An anesthetic alert letter was created, addressed to anesthetic, pediatric, and primary care teams to manage this patient as malignant-hyperthermia (MH) susceptible until evidence suggested otherwise as sole rhabdomyolysis may reflect a spectrum of this disorder. Given the age of the patient, a muscle biopsy (gold standard test) to definitely identify MH susceptibility was not performed. Genetic tests were used as an alternative, and detected the following:

Gene: RYR1

Genomic location (hg19): chr19:38979901G>A

Variant: c.5632G>A

Zygosity: heterozygous

Classification: 3c—a genetic variant of uncertain significance (VUS) with low clinical relevance.

As is the case with genetic testing, this variant may become clinically significant if other cases are found in the future.

Discussion

There are many causes of acute rhabdomyolysis, broadly differentiated into inherited and acquired conditions. Outside the perioperative setting, conditions such substance abuse, medication, and trauma form the majority of acquired causes [3]. Inherited conditions include muscular dystrophies and metabolic disorders.

There are indeed patients who may undergo a general anesthetic with the conditions mentioned above—in such cases, the anesthetic and surgery are planned to minimize the risk, or severity, of rhabdomyolysis.

In the pediatric literature, the incidence of anesthesia-associated rhabdomyolysis is rare, of which the majority of cases (more than 95%) were due to an attributable cause when investigated [4].

On this occasion, the two possible agents potentially responsible for rhabdomyolysis included suxamethonium and sevoflurane. It is difficult to ascertain clinically, and in research, whether rhabdomyolysis is simply a progression of expected myalgias from suxamethonium use, as this medication is rarely used in isolation, but often with other anesthetic agents such as sevoflurane. It was difficult to make that assumption in this particular patient, as she initially improved but later deteriorated in a biphasic manner.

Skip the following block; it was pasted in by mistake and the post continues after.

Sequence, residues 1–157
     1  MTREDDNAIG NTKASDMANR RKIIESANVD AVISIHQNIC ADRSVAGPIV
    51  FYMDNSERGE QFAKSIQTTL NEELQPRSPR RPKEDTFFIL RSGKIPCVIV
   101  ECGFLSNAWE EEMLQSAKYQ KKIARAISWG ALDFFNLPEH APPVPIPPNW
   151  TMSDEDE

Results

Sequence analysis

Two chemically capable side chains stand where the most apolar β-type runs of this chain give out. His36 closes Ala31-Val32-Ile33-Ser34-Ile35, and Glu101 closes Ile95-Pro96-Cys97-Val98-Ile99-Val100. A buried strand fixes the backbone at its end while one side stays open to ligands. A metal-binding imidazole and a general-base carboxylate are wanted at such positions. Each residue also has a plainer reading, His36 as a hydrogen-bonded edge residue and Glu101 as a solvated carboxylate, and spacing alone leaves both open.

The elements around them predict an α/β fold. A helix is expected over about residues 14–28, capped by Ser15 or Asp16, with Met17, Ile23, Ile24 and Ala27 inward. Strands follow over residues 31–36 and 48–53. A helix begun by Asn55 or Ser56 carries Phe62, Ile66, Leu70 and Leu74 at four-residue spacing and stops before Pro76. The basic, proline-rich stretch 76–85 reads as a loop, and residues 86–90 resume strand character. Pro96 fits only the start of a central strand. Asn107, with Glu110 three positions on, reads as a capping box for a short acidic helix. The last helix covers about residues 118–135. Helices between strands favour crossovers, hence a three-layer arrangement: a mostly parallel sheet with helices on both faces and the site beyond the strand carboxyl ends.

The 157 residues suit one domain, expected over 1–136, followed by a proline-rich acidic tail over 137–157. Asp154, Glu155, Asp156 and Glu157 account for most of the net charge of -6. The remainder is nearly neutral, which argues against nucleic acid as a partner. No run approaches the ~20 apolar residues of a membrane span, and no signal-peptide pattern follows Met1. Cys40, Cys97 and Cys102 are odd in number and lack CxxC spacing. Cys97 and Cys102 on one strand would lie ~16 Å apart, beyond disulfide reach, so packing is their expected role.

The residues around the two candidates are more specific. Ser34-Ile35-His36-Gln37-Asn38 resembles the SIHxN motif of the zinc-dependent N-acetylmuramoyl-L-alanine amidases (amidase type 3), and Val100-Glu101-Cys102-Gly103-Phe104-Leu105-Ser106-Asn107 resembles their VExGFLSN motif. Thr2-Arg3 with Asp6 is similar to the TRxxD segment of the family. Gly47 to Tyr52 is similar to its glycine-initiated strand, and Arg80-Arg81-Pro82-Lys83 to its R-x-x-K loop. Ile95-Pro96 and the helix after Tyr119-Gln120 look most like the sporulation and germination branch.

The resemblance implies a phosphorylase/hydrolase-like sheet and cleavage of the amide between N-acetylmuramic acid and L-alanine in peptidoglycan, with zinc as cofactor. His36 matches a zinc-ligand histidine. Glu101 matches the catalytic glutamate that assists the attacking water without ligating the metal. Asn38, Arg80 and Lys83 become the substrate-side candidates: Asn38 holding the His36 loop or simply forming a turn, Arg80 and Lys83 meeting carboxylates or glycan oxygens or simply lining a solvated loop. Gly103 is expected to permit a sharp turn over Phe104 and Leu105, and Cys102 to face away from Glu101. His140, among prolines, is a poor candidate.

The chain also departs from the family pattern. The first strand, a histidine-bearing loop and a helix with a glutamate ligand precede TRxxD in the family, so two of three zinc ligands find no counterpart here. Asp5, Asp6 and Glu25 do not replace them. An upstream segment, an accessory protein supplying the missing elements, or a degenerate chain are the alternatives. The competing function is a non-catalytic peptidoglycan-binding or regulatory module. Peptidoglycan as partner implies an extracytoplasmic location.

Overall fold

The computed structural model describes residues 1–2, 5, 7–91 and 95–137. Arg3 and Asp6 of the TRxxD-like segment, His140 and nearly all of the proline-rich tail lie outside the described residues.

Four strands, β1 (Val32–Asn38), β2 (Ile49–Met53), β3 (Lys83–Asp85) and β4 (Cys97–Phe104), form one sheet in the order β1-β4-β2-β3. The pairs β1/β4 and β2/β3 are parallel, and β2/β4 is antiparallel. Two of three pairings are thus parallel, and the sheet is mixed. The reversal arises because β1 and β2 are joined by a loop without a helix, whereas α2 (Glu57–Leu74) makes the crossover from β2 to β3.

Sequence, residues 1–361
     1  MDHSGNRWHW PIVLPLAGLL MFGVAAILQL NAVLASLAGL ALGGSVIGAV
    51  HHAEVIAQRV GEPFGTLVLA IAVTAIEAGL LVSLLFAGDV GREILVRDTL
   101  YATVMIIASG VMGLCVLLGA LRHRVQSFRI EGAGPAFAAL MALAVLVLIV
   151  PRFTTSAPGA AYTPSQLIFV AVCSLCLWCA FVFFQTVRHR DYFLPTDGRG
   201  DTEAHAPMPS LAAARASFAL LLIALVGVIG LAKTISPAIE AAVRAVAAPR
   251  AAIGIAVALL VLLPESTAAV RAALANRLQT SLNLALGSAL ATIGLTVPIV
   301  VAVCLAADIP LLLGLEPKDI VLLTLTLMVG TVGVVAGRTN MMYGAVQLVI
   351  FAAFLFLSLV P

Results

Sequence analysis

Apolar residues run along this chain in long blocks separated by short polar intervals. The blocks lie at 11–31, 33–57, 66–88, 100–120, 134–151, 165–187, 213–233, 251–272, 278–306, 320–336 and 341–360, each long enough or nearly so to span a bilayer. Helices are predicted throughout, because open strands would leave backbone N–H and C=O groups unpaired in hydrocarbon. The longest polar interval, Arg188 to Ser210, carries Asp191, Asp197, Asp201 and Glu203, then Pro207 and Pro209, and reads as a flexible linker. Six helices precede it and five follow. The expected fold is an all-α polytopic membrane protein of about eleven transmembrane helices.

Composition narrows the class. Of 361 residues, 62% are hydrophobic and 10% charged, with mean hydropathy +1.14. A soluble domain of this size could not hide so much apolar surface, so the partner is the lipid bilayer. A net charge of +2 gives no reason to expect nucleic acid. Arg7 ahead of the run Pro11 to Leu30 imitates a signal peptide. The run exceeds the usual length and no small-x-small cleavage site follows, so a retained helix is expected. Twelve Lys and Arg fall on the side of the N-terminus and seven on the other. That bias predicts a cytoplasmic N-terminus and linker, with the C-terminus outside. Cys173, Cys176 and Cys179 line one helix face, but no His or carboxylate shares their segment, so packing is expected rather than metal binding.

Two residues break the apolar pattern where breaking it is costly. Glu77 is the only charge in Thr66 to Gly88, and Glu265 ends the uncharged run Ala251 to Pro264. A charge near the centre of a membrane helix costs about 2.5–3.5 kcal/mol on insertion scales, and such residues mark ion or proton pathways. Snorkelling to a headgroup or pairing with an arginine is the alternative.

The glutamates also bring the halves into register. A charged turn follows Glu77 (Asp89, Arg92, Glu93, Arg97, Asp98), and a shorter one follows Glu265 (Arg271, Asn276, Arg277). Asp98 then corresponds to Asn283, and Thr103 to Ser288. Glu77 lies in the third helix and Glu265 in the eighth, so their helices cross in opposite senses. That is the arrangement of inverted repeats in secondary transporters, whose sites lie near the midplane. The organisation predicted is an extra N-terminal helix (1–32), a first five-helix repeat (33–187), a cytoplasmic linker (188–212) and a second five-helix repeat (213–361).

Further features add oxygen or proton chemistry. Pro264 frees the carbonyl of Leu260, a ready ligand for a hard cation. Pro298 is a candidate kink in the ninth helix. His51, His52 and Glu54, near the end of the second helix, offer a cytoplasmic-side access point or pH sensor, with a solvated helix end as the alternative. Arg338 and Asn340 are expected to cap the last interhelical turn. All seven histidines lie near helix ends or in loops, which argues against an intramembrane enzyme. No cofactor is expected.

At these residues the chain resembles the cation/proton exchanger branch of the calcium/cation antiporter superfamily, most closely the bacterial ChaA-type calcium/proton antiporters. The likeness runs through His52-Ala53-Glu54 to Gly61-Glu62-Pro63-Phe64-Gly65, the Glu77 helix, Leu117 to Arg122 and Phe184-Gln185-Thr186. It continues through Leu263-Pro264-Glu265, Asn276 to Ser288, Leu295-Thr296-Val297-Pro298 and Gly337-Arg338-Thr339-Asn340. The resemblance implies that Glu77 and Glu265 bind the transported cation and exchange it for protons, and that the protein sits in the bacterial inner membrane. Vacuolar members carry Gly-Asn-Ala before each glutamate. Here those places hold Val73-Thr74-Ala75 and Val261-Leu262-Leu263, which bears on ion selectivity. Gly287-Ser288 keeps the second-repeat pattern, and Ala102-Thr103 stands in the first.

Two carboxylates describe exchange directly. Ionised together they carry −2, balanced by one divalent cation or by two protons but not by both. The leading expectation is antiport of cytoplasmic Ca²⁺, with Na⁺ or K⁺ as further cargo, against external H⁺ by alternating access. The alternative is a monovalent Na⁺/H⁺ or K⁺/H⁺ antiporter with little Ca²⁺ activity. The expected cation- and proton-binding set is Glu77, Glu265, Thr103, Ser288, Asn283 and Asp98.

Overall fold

In patients who develop unexpected rhabdomyolysis following an anesthetic, other differentials must be considered.

Anesthesia-induced rhabdomyolysis (AIR)

AIR is a very rare condition, with unknown incidence, and incompletely understood [5]. The hallmark features of this condition include marked hyperkalemia, peaked T waves on electrocardiogram (ECG), acidosis, and elevated CK. Hyperkalemia can lead to cardiac arrhythmias, and cardiac arrest if not identified and treated promptly.

Malignant hyperthermia (MH)

A thorough inspection of the anesthetic record is essential to take note of medications administered, and any physiological abnormalities noted during the anesthetic, including hyperthermia, hypercarbia, hypoxia, ECG changes, tachycardia, and muscle rigidity, all of which may be suggestive of MH. This genetic disorder was first described in 1960 after several unexplained deaths under anesthesia occurred within a family [6]. Common anesthetic agents implicated in this condition include halogenated volatile agents (for example, sevoflurane, desflurane) and the depolarizing muscle-relaxant suxamethonium [5]. Importantly, patients do not need to exhibit all of these signs to be diagnosed with MH susceptibility. Delayed and isolated rhabdomyolysis in the postoperative setting is a recognized phenomenon, and has been reported in case reports, whereby patients have later been confirmed to be MH susceptible [7]. Furthermore, dedicated MH laboratories across the world keep a database of such variants in presentation. Testing for malignant hyperthermia susceptibility is specialized and undertaken by dedicated laboratories; it involves a mixture of genetic tests and muscle biopsy testing [8].

Surgical and position factors